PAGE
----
All in the Same Boat


Paper boats in memory of Mediterranean migrants, Enki Photo / Shutterstock 

SINCE JANUARY, more than 1,750 migrants have died or gone missing in the Mediterranean Sea. That is more than 30 times higher than during the same period last year, according to the International Organization for Migration. The United Nations estimated that, as of the end of May, 90,000 migrants had come across the Mediterranean into Europe so far in 2015.

Last summer, Christian Peacemaker Teams, an international NGO that places unarmed intervention teams in situations of conflict to reduce violence, launched CPT-Mediterranean on the Greek island of Lesbos to support migrants arriving by sea. I served with that team and heard survivors’ stories firsthand. So what is going on?

Eleven million people were displaced by violence last year, according to The New York Times, most driven out of Syria, Iraq, Ukraine, and Afghanistan. However, tens of thousands are also pushed north from sub-Saharan Africa, fleeing desperate poverty and violence. It’s the worst migration crisis since World War II, according to the United Nations.

In the past, most migrants into the European Union came by land. In Greece, they entered along the border with Turkey. In 2012, Greece built a fence along the Turkish border to stop migrants and refugees from coming into the country. This forced migrants to enter Europe along Greece’s border with Bulgaria. In 2014, a fence was erected there too, effectively cutting off a primary land route into the European Union. 

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Supreme Court to Consider Religious Prayer At Government Meetings

Photo courtesy of RNS

Supreme Court building in Washington, DC (2009). Photo courtesy of RNS

WASHINGTON — In a case that could determine restrictions on expressions of faith in the public square, the Supreme Court on Wednesday will consider religious prayers that convene government meetings.

At issue in Greece v. Galloway is whether such invocations pass constitutional muster, even when government officials are not purposefully proselytizing or discriminating.

Can a town council, for example, open its meetings with prayers invoking Jesus Christ, as happened repeatedly in the town of Greece, N.Y.?

“There’s a whole lot at stake here,” said Ira Lupu, a law professor at George Washington University who specializes in the First Amendment’s religion clauses.

“This case is about first principles: whether the government of a town, acting through its town board, can advance a particular brand of Christianity or any other faith,” said Lupu.

On the other side of the question, Jeff Mateer of the Texas-based Liberty Institute invokes free speech rights and hopes the court will reason that government has no business parsing the words of those who wish to pray in a public forum.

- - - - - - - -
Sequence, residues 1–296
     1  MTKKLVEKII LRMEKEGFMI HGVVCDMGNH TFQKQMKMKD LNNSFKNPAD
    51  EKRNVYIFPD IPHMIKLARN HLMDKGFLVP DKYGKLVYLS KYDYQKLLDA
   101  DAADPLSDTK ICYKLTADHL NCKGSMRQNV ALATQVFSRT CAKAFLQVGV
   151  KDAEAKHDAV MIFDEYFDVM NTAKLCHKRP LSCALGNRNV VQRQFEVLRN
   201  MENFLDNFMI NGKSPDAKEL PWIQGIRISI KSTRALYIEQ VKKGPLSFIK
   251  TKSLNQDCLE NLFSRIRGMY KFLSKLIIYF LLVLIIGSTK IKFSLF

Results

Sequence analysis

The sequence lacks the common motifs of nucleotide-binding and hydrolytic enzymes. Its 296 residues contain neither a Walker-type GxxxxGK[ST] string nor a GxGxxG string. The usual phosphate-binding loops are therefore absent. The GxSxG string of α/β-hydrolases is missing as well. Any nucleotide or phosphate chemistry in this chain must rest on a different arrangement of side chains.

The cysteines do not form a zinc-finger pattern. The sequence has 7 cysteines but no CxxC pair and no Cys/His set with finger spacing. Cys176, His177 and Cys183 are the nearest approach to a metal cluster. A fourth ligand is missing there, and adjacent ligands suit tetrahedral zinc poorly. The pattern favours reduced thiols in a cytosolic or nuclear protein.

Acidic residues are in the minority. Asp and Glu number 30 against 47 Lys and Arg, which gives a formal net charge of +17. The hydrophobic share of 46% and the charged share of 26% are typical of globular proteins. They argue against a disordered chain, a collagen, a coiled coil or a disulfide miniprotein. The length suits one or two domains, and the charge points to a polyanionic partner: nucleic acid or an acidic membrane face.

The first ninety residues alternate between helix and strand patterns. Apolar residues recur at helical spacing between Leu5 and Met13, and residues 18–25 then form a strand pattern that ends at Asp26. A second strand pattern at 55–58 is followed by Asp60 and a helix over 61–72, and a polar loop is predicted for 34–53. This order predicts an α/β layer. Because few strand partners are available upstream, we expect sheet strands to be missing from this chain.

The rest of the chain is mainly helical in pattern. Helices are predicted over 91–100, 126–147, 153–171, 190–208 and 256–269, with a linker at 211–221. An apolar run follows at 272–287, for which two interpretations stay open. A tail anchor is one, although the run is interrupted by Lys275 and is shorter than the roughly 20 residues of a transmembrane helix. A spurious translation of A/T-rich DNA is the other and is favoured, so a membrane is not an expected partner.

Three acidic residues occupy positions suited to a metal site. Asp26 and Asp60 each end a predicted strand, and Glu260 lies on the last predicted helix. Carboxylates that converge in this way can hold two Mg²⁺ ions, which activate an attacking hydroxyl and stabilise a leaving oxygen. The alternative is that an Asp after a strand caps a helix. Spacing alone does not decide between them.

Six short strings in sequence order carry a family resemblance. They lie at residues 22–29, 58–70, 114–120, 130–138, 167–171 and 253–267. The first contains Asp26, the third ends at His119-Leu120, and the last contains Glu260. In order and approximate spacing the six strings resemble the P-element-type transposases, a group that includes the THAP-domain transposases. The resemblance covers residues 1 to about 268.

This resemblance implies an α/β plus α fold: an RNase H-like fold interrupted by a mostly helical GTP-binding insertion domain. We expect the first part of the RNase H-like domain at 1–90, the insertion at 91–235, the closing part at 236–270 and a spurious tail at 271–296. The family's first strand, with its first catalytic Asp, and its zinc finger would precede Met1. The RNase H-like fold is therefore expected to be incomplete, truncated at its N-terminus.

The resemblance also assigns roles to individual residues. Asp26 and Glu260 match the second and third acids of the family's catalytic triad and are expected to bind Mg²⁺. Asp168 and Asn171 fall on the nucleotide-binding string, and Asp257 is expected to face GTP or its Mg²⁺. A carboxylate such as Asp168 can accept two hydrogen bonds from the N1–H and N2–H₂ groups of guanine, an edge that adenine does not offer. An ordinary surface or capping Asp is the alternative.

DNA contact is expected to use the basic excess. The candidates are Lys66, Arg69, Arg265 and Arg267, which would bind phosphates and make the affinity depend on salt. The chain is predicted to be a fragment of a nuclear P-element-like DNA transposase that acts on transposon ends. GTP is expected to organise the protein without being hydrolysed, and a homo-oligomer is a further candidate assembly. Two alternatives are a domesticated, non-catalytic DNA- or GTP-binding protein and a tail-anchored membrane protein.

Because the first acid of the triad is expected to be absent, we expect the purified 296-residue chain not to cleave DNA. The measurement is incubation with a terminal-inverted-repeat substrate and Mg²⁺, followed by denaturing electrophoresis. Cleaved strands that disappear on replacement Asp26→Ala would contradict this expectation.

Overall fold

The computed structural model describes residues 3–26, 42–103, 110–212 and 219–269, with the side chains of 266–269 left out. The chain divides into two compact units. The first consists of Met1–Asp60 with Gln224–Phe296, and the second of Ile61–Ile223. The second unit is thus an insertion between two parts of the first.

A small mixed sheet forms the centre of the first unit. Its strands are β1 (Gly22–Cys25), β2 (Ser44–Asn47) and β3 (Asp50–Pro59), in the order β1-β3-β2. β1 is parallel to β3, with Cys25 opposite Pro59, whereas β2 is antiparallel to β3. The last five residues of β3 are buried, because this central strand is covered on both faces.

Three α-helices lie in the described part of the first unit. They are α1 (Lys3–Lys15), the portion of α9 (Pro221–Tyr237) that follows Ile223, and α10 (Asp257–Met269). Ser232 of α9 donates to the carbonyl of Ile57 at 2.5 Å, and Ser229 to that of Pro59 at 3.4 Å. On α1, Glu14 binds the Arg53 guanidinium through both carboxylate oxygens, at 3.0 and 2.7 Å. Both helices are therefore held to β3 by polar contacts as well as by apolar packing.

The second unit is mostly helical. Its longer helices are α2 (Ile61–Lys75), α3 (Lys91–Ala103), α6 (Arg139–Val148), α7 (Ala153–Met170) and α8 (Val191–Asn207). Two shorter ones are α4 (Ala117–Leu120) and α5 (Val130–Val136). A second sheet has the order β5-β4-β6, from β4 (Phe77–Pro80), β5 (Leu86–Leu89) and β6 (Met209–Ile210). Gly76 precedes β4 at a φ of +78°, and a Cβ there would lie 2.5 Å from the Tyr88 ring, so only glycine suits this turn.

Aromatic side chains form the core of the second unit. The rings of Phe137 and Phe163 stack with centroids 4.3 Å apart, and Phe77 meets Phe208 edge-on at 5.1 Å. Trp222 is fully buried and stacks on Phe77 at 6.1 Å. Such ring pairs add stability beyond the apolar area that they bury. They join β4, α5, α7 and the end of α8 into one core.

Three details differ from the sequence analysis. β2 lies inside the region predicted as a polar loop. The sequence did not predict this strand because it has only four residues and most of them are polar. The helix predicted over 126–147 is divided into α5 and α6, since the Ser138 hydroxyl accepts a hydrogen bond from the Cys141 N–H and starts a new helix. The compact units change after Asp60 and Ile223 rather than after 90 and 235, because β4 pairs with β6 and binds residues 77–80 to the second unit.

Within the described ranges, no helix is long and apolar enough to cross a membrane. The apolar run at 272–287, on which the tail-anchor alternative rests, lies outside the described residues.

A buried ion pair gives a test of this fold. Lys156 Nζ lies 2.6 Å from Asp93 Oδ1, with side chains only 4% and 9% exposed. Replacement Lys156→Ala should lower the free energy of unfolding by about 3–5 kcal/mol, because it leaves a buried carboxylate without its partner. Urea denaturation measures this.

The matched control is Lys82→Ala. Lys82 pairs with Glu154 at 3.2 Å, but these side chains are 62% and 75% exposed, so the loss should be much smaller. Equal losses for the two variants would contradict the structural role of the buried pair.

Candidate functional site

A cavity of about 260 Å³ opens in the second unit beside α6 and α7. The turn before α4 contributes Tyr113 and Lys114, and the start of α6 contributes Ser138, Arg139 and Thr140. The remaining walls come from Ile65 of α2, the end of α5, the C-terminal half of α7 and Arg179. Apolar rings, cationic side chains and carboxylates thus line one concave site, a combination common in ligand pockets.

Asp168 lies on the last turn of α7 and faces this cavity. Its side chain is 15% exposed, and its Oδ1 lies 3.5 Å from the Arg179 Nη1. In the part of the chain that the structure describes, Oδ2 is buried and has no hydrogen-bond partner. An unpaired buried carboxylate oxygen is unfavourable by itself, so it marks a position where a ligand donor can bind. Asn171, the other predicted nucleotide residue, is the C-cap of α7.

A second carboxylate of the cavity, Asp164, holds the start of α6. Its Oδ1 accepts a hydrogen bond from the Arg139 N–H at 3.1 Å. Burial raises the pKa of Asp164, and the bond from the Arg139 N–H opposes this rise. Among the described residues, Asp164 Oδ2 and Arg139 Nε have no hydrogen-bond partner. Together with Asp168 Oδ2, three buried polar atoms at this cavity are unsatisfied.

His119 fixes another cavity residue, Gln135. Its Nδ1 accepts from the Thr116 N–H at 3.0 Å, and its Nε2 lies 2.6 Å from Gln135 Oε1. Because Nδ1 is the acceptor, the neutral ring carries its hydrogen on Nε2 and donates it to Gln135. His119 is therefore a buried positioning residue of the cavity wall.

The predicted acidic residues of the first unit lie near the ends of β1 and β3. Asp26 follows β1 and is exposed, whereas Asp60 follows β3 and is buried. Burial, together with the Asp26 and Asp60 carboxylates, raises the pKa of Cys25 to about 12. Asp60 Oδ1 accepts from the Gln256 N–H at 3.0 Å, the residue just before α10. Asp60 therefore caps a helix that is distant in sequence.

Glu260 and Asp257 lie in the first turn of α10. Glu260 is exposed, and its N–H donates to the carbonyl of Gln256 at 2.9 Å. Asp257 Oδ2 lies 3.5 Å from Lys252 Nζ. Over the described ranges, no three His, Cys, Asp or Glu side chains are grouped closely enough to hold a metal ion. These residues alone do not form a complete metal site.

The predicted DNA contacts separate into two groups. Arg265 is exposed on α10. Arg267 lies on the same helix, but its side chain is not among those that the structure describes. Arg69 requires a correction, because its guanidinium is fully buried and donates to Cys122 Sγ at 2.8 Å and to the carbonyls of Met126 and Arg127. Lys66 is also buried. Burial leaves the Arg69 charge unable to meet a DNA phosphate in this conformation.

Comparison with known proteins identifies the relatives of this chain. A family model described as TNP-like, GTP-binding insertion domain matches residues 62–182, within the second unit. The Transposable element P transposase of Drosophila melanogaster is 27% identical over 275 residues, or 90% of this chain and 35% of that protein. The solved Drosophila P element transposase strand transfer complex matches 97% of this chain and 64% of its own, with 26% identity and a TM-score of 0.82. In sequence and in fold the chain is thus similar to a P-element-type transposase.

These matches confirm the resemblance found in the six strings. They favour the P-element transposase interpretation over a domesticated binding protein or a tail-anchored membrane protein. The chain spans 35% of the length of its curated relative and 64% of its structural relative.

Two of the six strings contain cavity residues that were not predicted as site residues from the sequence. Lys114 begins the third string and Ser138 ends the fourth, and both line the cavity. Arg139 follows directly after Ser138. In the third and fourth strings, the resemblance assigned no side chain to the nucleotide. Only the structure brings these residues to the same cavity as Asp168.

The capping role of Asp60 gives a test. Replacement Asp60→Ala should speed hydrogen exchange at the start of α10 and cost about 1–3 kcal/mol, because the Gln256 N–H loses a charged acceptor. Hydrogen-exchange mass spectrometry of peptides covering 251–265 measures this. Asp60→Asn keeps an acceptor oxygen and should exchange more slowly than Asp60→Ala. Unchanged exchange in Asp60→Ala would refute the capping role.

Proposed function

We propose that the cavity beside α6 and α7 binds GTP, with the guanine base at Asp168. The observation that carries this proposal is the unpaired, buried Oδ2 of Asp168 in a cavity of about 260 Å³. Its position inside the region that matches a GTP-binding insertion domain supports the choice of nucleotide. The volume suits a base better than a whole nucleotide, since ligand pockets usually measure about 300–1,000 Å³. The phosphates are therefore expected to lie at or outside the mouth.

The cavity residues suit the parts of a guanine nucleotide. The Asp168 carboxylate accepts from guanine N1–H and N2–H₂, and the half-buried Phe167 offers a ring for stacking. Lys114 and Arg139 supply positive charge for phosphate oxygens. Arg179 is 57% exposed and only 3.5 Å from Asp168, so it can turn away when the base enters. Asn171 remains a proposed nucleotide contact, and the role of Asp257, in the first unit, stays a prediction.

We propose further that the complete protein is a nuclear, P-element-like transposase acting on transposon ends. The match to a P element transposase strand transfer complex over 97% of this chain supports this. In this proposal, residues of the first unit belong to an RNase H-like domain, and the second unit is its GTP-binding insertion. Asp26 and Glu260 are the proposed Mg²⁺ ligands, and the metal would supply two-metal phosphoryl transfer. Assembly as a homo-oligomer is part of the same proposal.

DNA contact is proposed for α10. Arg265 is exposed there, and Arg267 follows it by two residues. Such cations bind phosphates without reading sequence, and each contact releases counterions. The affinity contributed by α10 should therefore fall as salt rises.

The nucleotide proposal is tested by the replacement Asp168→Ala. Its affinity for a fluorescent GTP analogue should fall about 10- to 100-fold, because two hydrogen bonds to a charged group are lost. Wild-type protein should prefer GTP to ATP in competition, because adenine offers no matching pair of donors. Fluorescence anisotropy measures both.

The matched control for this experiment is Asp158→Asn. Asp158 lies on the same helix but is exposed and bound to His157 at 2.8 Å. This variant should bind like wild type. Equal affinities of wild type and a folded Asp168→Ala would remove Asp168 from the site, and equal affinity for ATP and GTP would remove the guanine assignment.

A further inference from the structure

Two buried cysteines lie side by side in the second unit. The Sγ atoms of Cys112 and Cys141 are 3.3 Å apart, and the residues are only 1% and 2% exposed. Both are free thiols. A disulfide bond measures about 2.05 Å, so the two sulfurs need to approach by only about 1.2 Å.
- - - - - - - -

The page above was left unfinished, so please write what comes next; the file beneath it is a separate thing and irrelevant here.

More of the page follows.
GODSPEED: Religion at the Olympics, from Greece to London

A 600-foot footrace was the only athletic event at the first Olympics, a festival held in 776 B.C. and dedicated to Zeus, the chief Greek god.

For the next millennium, Greeks gathered every four years in Olympia to honor Zeus through sports, sacrifices and hymns. The five-day festival brought the Greek world together in devotion to one deity.

What began in ancient Greece as a festival to honor a single god, Zeus, has now become an almost Olympian task, as organizers of the games navigate dozens of sacred fasts, religious rituals and holy days. 

The London Olympics will try to accommodate religious athletes with 193 chaplains, a prayer room in every venue and a multifaith center in the Olympic Village.

Athletes at the ancient Olympics believed their training honored the gods, and victory was a sign of favor from a deity. As contests like wrestling, boxing, and horse racing were added to the Olympic roster, they supplemented devotional sacrifices, hymns, and ceremonies.

“The idea was that you were training to please Zeus. But part of the festival would be to visit the temple, visit the cult statues, making offerings, celebrating and seeing your family,” said David Gilman Romano, a professor of Greek archaeology at the University of Arizona.

The combination of Greek sport and worship led the Roman Emperor Theodosius I, a Christian, to ban the Olympics in 393 A.D.

The Year of the Protester

TIME Magazine's Person of the Year 2011: The Protester

TIME Magazine's Person of the Year 2011: The Protester

I love seeing who is chosen as TIME Magazine’s Person of the Year.

But sometimes TIME's honoree is not just a “Person.” Sometimes it’s “Persons” or even a thing.

Sometimes it’s the biggest news story of the year. Sometimes it encapsulates the zeitgeist,  global urgings, or our collective mood.

This time around, it’s all of those things: A person, a group, a zeitgeist, a news story.

According to TIME, 2011 is the year of “The Protester.”